Study: Dem Tax Policy Driven by Hatred for Rich
Envy and retribution are poor foundations for crafting public policy.
“Hatred is like drinking poison and then waiting for it to kill your enemy.” —quote attributed to South African anti-apartheid leader Nelson Mandela
Last month, the Cato Institute released its 2019 Welfare, Work, and Wealth National Survey, and it offers a fascinating insight into the motives of those demanding ever higher taxes on the productive class in America.
The study surveyed 1,700 Americans to determine why some support socialism, tax increases on the wealthy, and wealth redistribution; is it compassion or resentment?
To determine compassion, they were asked if they agreed or disagreed with statements like “I suffer from others’ sorrows,” or “I feel sympathy for those who are worse off than myself.” To measure resentment toward successful people, they were asked if they agreed/disagreed with statements like “Very successful people sometimes need to be brought down a peg or two even if they’ve done nothing wrong,” or “It’s good to see very successful people fail occasionally.”
The study found resentment toward successful people is a far stronger motivator than compassion for the poor when it comes to support for raising taxes on high earners.
This philosophy of hatred for high achievers is rampant within the modern Democrat Party, evidenced by how the frontrunners for the 2020 presidential nomination are eagerly promising to punish the wealthy.
Massachusetts Senator Elizabeth Warren has called for an additional 2% tax on the wealth of all households with incomes over $50 million. To be clear, this is not a tax on new income, but on all wealth accumulated over a lifetime — investments, savings, assets, inheritance, etc., which has already been subject to income taxes, payroll taxes, capital gains taxes, property taxes, etc.
The 16th Amendment was ratified on the promise that it would only punish the ultra-rich, but today it impacts every American. Warren promises her new tax will only hurt the very wealthy, but past experience shows us it won’t be long before government agents are digging through our homes, assessing the value of the wedding ring grandma passed down so we can be taxed on it.
Not to be outdone, cranky septuagenarian socialist Senator Bernie Sanders (who owns three homes in upscale areas of Vermont and DC) is calling for even more Americans to be taxed at higher rates, with a 1% tax on net worth above $32 million, topping out at 8% for those with assets over $8 billion. He has also proposed a new tax on corporations based on the wage gap between CEO pay and that of the median worker.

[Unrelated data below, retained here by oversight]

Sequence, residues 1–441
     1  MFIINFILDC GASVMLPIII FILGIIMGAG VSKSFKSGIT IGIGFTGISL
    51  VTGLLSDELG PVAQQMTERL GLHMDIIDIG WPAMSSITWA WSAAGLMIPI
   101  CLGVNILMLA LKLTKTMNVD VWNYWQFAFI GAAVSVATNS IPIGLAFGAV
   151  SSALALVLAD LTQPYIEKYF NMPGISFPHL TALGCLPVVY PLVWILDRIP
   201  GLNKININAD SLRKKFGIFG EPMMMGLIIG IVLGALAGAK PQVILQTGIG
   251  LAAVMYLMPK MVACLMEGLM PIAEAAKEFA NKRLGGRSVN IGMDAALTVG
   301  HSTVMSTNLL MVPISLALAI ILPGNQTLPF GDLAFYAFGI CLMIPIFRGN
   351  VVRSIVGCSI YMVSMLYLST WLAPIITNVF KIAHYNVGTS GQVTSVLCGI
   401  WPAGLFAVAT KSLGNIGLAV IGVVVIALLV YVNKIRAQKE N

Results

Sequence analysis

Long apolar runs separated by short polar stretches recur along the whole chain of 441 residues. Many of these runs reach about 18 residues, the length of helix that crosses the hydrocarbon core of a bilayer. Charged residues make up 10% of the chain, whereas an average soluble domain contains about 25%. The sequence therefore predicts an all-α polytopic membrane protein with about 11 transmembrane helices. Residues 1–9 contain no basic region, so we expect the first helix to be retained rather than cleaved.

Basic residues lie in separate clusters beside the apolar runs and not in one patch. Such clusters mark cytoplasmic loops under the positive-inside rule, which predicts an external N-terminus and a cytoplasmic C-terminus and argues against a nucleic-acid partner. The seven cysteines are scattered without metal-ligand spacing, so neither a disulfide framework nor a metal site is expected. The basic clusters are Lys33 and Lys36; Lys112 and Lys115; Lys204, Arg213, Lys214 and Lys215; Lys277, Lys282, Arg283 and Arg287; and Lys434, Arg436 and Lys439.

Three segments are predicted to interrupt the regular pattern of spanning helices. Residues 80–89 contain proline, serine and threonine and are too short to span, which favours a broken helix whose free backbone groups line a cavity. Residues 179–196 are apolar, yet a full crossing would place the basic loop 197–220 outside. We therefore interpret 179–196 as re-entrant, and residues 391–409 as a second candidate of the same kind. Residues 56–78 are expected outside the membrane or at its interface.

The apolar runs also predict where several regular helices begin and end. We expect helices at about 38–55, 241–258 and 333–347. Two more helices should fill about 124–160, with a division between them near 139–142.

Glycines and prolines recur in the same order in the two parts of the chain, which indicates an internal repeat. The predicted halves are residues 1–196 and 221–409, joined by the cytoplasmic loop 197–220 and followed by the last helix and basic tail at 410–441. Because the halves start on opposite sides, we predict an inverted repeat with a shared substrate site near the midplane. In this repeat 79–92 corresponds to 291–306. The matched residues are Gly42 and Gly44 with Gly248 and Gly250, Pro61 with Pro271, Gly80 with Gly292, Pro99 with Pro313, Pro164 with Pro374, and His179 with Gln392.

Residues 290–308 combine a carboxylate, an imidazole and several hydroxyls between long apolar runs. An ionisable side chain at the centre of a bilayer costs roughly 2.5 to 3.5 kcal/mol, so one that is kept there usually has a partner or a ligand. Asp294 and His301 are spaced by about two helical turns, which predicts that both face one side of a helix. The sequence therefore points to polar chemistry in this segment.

This is wrong as a matter of sound tax policy, and it is morally reprehensible.
As a matter of tax policy, it has been tried and it has failed. Higher taxes lead to lower productivity, a shrinking economy, and less prosperity. Those most in need suffer the most because the wealthy have plenty of ways to shield their money from confiscatory tax rates, including simply moving, as New York Governor Andrew Cuomo discovered the hard way.
For Democrats, taxes aren’t about raising revenue for the legitimate functions of government. For them, taxes are about “leveling the playing field,” ending “income inequality,” and making the rich “pay their fair share.”
Barack Obama was a master at stoking class hatred, inciting poor and middle-income Americans to support punishing the “rich,” even if that meant hurting themselves.
In 2008, ABC’s Charlie Gibson noted that Obama was calling for a doubling of the capital-gains tax rate, but pointed out that “in each instance, when the rate dropped, revenues from the tax increased; the government took in more money. And in the 1980s, when the tax was increased to 28 percent, the revenues went down… So why raise it at all, especially given the fact that 100 million people in this country own stock and would be affected?”
Obama refused to back down, declaring that (even if it meant less tax revenue to fund programs for the poor and needy) he would do it “for purposes of fairness.”
Fairness for whom? The more than five million small-business owners who risked their life savings to start a business, worked 70-80 hour weeks for years to make it successful, employing tens of millions of their fellow Americans in the process, only to be hammered by taxes as a “reward” for their hard work, dedication, and sacrifice? How is it “fair” or moral to punish someone for working harder, working smarter, being more innovative, sacrificing more, and risking more than their neighbor?
The beauty of the free market is that, in order for someone to become a millionaire or billionaire, they must provide a good or service that millions of people desire. In a true free market, you simply can’t get wealthy without improving the lives of countless others.
Bernie Sanders declares his view that “There should be no billionaires.” But would Americans truly be better off if Sam Walton had not revolutionized commerce with his high-volume, low-margin model that allows tens of millions of Americans to afford goods previously out of reach? Would Americans today be happier without iPhones? Would we be better off without the millions of jobs created thanks to Bill Gates and his Windows software?
Would we be better off without these millionaires and billionaires?
No. So why punish them, and ourselves in the process?